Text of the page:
Recommend an EQ solution

Discussion in 'Recording Studio' started by kfowler8, Jan 30, 2018.

  1. kfowler8

    kfowler8 Senior Member

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    I have a buddy of mine who's a sound engineer where I work. And I mean very high tech professionally trained guy. He came over the other day to do an analysis on my studio room. We used Room EQ Wizard. Really fascinating. I ended up have a big spike around 100.

    One of the solutions has been to add a parametric EQ to my monitors within Reaper. Works really well and has really helped with my mixes. Problem is it only affects audio coming out of reaper. Any other audio that comes through my PC or interface is outside of the EQ. My interface is a Focusrite Scarlet 18i20.

    Ideally, I'd find a way to add a VST EQ to Focusrite's MixControl program. Then any audio that comes out would be affected by the EQ. As of right, it doesn't look like this is possible. Or I haven't found a way to do it yet.

    An alternative solution I thought of was to add a stereo EQ in between my Focusrite outputs and my monitor inputs. Think this is viable? I even thought about a graphic EQ like the Behringer Ultragraph Pro FBQ3102 EQ all though the reviews on this were pretty mixed.

    Any suggestions?
     
  2. Freddy G

    Freddy G V.I.P. Member

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    The problem with inserting an EQ in the mains in order to fix a room response is that it's just a band-aid. The room response still has a problem at that freq. So while the EQ will reduce the volume of that freq, it doesn't change the "quality" of it....meaning it will still propagate and bloom and all that fun stuff....so it will still be smearing. If the EQ is just for very subtle adjustments that's a different thing....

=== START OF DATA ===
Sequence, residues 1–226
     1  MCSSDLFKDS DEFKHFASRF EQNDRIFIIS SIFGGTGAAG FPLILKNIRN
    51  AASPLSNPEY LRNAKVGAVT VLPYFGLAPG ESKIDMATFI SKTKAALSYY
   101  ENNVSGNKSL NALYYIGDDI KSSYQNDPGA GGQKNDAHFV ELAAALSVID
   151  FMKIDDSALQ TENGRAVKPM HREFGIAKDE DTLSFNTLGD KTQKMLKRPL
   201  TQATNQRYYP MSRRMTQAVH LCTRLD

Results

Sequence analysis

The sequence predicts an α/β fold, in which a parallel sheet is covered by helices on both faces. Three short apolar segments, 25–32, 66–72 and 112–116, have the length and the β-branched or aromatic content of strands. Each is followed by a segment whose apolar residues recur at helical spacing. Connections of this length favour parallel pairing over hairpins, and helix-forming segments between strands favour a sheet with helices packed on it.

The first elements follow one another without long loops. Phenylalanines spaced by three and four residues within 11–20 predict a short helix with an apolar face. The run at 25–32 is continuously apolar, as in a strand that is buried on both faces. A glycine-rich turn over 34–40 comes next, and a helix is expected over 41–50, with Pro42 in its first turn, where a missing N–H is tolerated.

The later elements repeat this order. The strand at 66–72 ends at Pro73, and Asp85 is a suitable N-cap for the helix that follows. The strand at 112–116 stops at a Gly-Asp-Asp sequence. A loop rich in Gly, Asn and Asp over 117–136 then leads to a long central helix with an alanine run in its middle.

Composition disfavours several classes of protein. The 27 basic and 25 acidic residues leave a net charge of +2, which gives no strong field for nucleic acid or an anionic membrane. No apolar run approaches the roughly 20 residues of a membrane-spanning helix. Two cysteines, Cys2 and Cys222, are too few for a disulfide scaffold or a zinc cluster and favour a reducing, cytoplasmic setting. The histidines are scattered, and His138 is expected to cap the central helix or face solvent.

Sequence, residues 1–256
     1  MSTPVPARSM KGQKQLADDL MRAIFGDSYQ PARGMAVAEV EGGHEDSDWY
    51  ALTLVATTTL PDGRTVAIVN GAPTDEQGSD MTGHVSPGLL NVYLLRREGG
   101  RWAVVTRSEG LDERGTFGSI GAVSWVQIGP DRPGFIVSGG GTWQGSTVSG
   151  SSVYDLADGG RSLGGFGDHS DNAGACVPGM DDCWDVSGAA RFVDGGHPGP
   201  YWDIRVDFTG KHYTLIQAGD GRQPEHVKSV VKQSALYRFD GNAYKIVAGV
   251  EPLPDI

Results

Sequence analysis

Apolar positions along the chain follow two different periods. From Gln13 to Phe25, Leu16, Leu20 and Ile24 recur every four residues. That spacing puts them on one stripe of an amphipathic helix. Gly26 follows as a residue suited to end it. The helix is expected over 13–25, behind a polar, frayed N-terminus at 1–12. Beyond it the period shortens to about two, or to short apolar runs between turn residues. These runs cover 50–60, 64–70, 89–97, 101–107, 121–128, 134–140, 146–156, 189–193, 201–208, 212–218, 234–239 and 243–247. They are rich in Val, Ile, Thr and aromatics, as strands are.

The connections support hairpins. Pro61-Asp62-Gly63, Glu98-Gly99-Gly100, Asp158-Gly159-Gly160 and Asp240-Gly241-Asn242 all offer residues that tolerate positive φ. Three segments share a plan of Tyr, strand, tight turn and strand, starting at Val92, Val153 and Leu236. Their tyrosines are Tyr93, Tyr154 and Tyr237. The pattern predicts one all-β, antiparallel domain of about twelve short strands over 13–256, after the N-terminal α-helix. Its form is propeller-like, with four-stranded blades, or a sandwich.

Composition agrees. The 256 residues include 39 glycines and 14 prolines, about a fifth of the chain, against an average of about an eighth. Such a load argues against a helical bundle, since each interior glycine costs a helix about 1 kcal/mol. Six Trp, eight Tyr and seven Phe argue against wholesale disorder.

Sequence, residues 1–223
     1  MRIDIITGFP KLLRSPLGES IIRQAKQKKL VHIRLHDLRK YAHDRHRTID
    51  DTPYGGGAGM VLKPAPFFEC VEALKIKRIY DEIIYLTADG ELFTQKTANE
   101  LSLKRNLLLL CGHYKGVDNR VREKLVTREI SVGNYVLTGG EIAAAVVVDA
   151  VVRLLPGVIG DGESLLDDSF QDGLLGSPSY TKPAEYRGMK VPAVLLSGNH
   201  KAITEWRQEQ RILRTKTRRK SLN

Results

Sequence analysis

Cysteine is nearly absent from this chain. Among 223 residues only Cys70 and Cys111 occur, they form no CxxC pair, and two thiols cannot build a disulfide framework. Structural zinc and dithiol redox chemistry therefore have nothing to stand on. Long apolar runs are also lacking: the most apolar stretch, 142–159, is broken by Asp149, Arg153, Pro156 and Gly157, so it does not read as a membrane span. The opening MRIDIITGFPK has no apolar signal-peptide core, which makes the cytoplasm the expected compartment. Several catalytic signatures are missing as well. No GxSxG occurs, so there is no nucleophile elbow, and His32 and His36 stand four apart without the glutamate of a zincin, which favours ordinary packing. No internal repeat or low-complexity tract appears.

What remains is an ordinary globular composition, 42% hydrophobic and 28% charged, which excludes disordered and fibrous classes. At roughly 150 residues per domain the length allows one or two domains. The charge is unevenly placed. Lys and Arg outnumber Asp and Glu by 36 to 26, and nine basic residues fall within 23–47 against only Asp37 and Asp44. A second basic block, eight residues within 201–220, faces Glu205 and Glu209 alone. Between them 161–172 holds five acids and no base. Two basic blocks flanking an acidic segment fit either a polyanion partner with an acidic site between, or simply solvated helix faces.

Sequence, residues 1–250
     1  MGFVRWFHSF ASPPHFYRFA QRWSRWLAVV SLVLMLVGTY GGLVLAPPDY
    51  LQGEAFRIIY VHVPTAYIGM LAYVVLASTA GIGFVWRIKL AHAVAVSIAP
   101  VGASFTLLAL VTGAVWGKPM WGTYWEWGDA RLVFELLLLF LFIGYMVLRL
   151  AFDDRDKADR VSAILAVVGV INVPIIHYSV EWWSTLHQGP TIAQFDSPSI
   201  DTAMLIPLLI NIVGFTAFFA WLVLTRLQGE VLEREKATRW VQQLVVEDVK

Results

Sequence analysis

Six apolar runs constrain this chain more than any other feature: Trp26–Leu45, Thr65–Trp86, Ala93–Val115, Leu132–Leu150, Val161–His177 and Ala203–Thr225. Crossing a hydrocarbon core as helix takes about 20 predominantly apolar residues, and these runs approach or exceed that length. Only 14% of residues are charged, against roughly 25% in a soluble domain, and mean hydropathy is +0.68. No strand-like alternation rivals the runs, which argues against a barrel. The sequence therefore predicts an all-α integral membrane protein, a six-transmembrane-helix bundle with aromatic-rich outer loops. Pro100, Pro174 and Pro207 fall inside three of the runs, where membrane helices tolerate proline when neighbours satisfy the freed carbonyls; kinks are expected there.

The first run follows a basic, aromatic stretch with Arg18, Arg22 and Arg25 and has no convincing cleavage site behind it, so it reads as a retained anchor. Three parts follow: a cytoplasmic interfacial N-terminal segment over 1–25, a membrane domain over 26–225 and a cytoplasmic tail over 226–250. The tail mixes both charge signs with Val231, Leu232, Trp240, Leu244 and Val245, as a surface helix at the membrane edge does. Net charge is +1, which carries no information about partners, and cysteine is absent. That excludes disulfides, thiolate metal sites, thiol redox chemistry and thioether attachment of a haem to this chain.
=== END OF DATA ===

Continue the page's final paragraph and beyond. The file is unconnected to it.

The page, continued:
The real solution is acoustic treatment.
     
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  3. Freddy G

    Freddy G V.I.P. Member

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    To address this part of your question....If you're going to use an analogue EQ between the interface and monitors I wouldn't even consider it unless the EQ was really high quality.

    Something like this would be fine:
    https://reverb.com/ca/item/5367160-meyer-cp-10-parametric-eq
     
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  4. kfowler8

    kfowler8 Senior Member

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    Thanks Freddy. Acoustic treatment is on my agenda.
     
  5. yeti

    yeti Senior Member

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    That big spike around 100 Hz, How much of a spike, 10 dB, 20dB??? can you hear it? These peaks and valleys are a function of the room you're in, the geometry of which you can't change. If you can get those peaks and valleys to within 10 dB from each other then you have close to a perfect room. Within 20 dB is still decent, we're talking low end response here.